A third lily pond painting

Pond pencil up

First layers down

I have enjoyed these pond paintings much more than I thought I would.  It is the first time I have been even remotely satisfied with what I have done with acrylics since college (low those MANY years ago).

Since I felt that the relatively bigger size of the lily pads in the previous painting was harder for me to deal with, I decided to go bigger in the canvas (14″x11″) and smaller again for the pads.  This is actually a rather large size painting for me, so that added its own bit of stress.

I put down most of the water before I moved on to the lily pads.  It seemed easier to place most of the background down first and then add the vegetation on top of it.  Then I could also shade under the pads and adjust the water to add depth and interest.  I was pretty pleased at this point, much more so than with pond painting 2.  Smaller pads were definitely the way to go for me.  Who knows where this will lead in my acrylic adventure.  It’s been fun so far.

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I thought number 2 was done

I thought it was finished

But now it’s redone

After I finished the painting in the first photo, I thought I was done.  I had added depth by increasing the yellows and oranges in the pads and yellow ocher to the water to make it less monochromatic.  But, still, the more it sat, the less I liked it, even as I worked on another, larger one.  I fussed with the colors more, taking out some details with broader brush strokes and putting more yellow ocher in the water, but something still wasn’t right.

One day, right after I had cleaned and put down the brushes on the third painting, it occurred to me  to just take out a few pads and thus increase the amount of water in the background.  I needed to think about it, but the next day I still thought it might be a good way to go.  So I did it.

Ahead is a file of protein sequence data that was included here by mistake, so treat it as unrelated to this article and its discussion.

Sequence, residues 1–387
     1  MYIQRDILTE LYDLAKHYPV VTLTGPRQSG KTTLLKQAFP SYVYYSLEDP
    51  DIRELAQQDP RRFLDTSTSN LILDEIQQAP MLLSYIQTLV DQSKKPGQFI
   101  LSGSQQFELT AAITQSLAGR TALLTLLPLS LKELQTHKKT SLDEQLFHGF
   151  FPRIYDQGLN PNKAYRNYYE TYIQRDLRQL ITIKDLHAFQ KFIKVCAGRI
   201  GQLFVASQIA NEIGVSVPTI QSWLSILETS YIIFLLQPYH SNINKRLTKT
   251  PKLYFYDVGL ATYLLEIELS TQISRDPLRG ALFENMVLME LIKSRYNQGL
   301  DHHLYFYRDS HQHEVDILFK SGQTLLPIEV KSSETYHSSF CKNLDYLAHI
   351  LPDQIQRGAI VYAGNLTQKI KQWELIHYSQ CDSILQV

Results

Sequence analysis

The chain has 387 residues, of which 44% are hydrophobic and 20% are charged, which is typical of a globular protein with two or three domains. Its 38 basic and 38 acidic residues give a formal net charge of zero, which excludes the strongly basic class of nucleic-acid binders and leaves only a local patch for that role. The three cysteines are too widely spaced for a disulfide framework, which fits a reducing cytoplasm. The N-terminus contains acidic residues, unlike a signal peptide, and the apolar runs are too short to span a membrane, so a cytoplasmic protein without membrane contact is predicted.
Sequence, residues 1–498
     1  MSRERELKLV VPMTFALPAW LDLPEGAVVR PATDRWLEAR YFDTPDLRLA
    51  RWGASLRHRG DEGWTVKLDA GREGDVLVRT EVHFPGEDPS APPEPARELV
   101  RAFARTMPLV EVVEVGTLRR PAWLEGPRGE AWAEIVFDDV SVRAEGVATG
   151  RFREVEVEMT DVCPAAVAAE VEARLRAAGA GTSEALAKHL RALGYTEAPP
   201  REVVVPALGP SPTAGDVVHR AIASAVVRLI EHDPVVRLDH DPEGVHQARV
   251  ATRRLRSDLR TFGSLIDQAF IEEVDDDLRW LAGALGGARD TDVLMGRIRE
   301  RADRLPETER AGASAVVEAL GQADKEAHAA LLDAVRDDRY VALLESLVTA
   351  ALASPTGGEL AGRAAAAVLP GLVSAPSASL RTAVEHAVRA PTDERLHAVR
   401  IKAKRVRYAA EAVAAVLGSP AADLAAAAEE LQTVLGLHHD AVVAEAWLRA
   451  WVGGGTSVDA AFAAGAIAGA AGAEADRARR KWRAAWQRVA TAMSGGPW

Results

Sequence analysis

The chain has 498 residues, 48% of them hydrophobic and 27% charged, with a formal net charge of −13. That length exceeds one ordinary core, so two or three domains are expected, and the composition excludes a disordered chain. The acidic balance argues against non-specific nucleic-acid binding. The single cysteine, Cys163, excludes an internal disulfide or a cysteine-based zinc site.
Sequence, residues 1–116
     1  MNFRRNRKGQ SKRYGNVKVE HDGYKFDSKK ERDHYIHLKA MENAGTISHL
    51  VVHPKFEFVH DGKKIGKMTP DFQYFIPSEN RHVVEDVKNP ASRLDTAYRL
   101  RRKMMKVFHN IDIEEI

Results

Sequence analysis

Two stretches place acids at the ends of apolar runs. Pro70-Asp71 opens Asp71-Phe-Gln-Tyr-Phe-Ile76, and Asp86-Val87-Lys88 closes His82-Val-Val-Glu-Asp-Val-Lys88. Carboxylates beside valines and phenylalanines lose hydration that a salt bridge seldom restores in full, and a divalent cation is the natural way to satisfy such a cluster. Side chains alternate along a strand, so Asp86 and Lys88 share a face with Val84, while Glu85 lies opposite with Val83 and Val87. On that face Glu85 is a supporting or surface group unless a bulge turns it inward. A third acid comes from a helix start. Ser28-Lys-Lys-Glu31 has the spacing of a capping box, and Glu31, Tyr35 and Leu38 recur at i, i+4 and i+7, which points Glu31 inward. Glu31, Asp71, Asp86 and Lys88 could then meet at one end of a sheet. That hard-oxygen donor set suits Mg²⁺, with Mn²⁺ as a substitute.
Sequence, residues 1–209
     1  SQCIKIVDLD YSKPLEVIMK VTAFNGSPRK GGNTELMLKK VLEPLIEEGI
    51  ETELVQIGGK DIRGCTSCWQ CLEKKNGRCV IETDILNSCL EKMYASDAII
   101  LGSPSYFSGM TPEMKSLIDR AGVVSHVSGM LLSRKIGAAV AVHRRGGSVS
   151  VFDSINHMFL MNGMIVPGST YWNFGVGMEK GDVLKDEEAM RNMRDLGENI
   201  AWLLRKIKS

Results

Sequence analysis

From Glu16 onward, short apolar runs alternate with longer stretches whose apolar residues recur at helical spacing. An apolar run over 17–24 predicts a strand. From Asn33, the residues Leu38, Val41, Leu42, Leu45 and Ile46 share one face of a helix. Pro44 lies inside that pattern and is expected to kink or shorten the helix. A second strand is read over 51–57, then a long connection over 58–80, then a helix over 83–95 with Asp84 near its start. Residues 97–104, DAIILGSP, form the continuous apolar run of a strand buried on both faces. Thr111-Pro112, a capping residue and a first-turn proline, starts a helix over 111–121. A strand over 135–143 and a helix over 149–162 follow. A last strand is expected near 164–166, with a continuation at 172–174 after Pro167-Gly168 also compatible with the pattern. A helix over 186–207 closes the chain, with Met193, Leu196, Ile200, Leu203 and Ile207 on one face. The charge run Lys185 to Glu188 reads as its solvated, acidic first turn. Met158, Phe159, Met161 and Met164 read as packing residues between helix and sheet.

In the end, I think I worked more on this little painting than the other two larger ones combined.  Still, I think it was worth it.

A new lily pad painting

Pencil drawing

Two days in on the first paint layer

I enjoyed the last lily pad painting so much that I decided to do another one.  At 8×8, this one is smaller, but the lily pads are bigger.  This poses some painting detail issues for me. How much do I show.  I am not very good with details with acylics yet.  The paint always feels too thick to make fine lines , no matter the brush size, and the thickness of paint varies too much as I lay it down.

This is two days in on the first layer of paint.  Already I can see I am going to have problems.  I don’t want it to look unblended and overdone, but it seems to be heading that way anyway.  In the first one, the pads were so small that I could indicate them with just a few brush strokes. Here, they are so big that I have to add some detail.  But the more I add, the less I like it.  The water underneath needs depth, but the spaces between are so small that that is giving me trouble too. This one is going to have a lot of fussing to it.

Lily pad painting, done

I think it’s done